Nondisclosure, nonuse and noncompete agreements can be powerful agreements that protect your startup company’s confidential information and business prospects. In drafting these agreements, however, it’s important not to overreach.
The nondisclosure and nonuse parts of agreements, when drafted with reasonable restrictions, can be widely enforceable. These agreements restrict present and former employees and contractors from disclosing confidential information and in using it for any purpose other than designated projects for the company owning the information. Noncompete agreements, however, raise some nettlesome issues.
In states like California and Tennessee, State constitution provisions and the decisions of courts have substantially restricted the ability of companies to tie up workers with noncompete agreements. Even in states such as New York and New Jersey, where noncompete agreements are permissible, courts tend to adopt the rule of reason – and courts in these States have generally had a restrictive view of what is “reasonable”.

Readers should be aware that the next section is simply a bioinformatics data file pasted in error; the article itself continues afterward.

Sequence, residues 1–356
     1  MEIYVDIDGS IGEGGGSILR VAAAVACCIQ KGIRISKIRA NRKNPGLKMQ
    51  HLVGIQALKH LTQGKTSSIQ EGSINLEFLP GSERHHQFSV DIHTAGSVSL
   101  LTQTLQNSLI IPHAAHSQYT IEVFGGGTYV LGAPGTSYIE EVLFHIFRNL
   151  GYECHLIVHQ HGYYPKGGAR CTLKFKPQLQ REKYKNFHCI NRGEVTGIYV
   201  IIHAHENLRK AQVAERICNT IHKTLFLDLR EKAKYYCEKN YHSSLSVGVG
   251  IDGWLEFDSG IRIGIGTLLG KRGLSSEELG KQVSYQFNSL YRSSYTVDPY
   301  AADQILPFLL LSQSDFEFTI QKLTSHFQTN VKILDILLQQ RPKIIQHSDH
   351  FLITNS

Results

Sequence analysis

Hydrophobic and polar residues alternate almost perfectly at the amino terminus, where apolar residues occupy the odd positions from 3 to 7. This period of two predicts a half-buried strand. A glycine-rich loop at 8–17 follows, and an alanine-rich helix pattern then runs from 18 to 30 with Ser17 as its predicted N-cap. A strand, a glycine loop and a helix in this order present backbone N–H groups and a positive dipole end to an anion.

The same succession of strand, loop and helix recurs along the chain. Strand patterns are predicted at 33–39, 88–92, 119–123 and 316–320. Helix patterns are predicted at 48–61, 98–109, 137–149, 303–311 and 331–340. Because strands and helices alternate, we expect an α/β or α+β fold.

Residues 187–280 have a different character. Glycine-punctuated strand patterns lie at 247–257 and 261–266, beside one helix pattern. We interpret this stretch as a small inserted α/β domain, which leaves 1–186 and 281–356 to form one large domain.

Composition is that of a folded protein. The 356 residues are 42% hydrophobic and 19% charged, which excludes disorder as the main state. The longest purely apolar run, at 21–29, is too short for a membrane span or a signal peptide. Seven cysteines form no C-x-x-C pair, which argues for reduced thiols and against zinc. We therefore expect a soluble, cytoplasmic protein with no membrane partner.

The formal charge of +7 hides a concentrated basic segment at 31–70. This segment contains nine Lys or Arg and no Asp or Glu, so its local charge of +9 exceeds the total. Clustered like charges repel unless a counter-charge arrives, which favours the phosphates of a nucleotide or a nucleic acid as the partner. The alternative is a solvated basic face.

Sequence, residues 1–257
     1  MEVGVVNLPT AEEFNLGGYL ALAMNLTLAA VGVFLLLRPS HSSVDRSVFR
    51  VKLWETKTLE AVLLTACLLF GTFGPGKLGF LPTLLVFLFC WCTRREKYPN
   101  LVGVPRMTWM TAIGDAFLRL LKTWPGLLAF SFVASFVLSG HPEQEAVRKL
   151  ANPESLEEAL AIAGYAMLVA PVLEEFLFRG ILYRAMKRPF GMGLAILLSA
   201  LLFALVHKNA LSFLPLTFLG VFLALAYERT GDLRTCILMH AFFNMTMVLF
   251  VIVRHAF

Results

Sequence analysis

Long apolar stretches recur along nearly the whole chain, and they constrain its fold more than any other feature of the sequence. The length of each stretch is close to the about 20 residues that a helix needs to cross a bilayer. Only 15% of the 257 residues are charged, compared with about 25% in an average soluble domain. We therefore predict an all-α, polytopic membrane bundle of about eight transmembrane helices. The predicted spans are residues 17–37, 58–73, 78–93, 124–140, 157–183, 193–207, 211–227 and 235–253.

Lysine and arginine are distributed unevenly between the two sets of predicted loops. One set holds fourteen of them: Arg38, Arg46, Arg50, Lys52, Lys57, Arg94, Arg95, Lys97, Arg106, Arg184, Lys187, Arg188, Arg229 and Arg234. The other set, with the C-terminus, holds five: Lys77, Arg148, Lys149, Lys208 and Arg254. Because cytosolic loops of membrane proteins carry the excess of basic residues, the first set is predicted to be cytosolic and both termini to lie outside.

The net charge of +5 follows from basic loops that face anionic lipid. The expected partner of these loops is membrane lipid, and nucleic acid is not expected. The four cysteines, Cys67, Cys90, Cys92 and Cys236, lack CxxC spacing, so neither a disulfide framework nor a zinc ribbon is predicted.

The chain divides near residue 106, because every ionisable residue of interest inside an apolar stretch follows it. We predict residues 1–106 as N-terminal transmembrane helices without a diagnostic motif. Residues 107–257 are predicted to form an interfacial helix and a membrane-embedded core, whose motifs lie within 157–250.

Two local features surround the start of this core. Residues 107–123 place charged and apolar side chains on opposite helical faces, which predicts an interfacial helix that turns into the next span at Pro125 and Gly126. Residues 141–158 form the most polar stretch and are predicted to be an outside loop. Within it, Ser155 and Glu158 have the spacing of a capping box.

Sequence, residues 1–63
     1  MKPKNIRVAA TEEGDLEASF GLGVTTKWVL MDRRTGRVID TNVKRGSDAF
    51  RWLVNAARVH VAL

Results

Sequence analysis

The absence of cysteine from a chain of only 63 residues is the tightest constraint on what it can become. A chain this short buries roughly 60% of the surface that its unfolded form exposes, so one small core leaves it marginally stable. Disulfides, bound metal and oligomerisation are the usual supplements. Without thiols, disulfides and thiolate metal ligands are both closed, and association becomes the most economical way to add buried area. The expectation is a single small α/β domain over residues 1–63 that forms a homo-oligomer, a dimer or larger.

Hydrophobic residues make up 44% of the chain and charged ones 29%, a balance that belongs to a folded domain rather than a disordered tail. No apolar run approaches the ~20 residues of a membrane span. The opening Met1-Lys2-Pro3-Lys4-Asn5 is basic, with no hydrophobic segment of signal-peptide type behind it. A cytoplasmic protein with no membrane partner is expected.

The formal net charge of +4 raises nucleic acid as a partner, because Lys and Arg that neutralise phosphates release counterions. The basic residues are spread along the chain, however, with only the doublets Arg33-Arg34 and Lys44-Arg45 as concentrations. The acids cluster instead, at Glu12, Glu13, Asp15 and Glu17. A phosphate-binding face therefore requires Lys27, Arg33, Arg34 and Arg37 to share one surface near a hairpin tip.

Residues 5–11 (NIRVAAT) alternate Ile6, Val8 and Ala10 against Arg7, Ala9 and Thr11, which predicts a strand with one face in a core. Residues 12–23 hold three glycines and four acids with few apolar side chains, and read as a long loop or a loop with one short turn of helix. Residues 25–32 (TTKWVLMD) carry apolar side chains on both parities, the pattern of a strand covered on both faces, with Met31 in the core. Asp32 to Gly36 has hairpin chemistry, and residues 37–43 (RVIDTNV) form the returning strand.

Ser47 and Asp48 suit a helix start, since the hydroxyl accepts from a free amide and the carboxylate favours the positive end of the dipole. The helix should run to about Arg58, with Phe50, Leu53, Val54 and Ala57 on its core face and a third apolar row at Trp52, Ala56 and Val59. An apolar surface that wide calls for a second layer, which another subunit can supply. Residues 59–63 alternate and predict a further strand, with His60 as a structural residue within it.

A noncompete agreement should not prevent a former employee from working at all jobs for which he or she is qualified. Absent special circumstances, it’s difficult to obtain an enforceable agreement for more than a year or two, regardless of what is written on paper.
To draft an agreement that is enforceable in court, it’s important to be strategic. Identify employees who have access to information that would be harmful to your company if disclosed to a competitor or used by the departed employee while employed by a competitor. Examples include:
- Developments that have not yet been patented
- Customer data that is not generally known
- Trade secrets that are valuable to the company
Once you have identified people in your company who have access to information you want to protect, work with your legal counsel to develop agreements that are not overreaching or overbroad. Identify the confidential information that you need to protect. And work with your counsel to tailor the duration, scope and geographic restrictions to the employee’s job.
The more tailored your agreement, the more enforceable it will be should a former employee test it in court or should your company seek to enforce it against a former employee.